In an era where anti-piracy groups are proving that their bites are just as potent as their barks, enterprises are being told they need to take sober second looks at asset management tools.
The Business Software Alliance (BSA) in the U.S. and the Canadian
Alliance Against Software Theft (CAAST) are bent on reducing the software piracy problem, said Randy Britton, spokesperson for New Hampshire-based Tally Systems. If businesses want to avoid the possible humiliation, large fines and jail sentences stemming from licensing violations, they should know at all times what software they have, where the applications are installed and how often the applications are used.
“”Everybody has the entire Microsoft Word suite on their desktops,”” said Britton, explaining how something as simple as underutilization can be costly. “”Everybody uses Word, half use Excel and very few use Access. Yet companies are spending for multiple copies of full Word suites. You find that maybe one-third of applications being bought are being used.””
Earlier this month the BSA and Tally Systems announced an expanded partnership through which the BSA will enable organizations to register via its Web site for a free one-month trial of the TS.Census License Compliance Suite.
While the Government of Nunavut still uses an older version of TS.Census, Curtis Kayfish, an IT administrator with the government, said it will upgrade within four to six months, partly because it wants to take advantage of the automated update feature.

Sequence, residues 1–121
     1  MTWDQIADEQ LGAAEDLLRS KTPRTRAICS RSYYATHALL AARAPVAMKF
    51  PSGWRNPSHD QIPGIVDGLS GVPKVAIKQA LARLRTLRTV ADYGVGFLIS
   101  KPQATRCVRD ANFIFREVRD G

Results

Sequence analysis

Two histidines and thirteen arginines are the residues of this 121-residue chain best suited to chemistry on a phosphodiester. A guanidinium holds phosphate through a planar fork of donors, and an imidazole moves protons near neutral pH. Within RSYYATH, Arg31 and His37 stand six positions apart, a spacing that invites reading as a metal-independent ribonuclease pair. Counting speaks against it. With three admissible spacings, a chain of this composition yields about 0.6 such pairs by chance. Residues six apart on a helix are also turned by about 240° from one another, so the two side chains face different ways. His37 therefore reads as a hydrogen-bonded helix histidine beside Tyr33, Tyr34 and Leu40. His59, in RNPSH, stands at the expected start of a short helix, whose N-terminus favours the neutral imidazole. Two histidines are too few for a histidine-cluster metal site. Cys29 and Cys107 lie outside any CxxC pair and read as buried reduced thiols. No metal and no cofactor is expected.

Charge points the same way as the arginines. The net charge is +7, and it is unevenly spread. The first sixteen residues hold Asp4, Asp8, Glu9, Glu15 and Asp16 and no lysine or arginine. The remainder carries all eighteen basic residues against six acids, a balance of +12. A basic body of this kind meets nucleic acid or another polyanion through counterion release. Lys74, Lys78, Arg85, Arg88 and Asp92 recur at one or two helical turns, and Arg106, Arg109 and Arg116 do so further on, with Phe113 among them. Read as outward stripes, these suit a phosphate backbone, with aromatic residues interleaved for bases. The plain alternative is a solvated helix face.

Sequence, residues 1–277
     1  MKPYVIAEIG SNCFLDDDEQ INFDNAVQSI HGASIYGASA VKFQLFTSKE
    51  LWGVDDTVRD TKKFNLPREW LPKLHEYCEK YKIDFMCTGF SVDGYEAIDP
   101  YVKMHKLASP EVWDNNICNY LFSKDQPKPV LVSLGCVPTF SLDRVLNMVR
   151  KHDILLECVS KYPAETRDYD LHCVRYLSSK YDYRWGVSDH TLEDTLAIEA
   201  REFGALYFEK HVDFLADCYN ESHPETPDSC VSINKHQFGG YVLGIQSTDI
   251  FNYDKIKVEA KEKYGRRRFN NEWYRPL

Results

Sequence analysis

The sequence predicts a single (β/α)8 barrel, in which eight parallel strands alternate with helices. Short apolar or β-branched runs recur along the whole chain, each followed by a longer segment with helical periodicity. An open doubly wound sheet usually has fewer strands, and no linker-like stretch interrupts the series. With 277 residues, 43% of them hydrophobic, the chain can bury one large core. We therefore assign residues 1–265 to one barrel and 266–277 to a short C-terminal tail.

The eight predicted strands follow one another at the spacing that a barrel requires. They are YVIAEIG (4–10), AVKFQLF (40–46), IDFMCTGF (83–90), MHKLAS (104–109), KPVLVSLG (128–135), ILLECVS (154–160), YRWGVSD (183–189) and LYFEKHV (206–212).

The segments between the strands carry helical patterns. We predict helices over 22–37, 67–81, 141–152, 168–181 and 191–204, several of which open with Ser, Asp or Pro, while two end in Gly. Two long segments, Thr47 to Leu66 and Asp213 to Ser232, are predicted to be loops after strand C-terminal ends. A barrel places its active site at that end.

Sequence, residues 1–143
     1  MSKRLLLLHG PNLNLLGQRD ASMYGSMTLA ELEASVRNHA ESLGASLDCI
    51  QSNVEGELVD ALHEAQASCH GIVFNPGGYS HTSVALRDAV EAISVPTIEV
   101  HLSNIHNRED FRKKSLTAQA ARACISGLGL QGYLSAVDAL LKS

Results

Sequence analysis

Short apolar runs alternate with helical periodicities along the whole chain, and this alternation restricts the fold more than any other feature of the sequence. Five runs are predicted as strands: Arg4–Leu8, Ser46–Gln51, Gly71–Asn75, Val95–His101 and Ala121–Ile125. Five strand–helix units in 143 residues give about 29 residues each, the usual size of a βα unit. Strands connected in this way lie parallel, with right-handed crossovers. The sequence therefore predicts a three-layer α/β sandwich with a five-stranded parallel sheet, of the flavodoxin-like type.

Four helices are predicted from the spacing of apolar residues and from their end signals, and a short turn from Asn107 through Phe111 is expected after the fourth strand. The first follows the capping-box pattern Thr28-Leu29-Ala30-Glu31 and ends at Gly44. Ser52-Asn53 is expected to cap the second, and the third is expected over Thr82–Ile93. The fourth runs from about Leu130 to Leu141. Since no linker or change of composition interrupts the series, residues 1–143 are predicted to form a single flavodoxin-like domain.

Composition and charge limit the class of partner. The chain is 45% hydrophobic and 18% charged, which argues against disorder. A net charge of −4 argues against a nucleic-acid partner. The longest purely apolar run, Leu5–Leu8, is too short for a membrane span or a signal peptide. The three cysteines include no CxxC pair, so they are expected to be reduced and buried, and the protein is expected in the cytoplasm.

One of the original reasons for selecting the product, he said, was the need to locate hackers and other malicious software on the network.
“”Then we realized other benefits in software compliance,”” said Kayfish. “”We realized we could use it for its other intended purposes…Especially if you can’t get out to see all the computers, you never know what’s installed out there…We’re legally required to pay for what we’re using.””
An annual study on software piracy released last year by CAAST and BSA shows that some have no scruples about illegally using software. According to the study, 35 per cent of software programs in Canada were pirated in 2003, translating into $990 million in lost retail sales of software. (Open source proponents, however, have argued that CAAST’s numbers don’t take into account non-proprietary software and are based largely on estimates of shipments.)
Allan Steel, CAAST spokesperson, said the importance of knowing what’s happening on corporate networks was highlighted late last year when CAAST released the results of a Decima Research survey revealing that one in 10 employees is installing software from outside sources without notifying their IT departments.
Viruses and spyware programs aren’t the only concerns, he said, because Canadian copyright law stipulates businesses can be made to pay up to $20,000 for each software application infringed. And firms can be held responsible for their workers’ wrongdoings.
“”It’s easy to get out of compliance unless you have good policies and procedures in place,”” said Steel. “”Good software will help you do that.””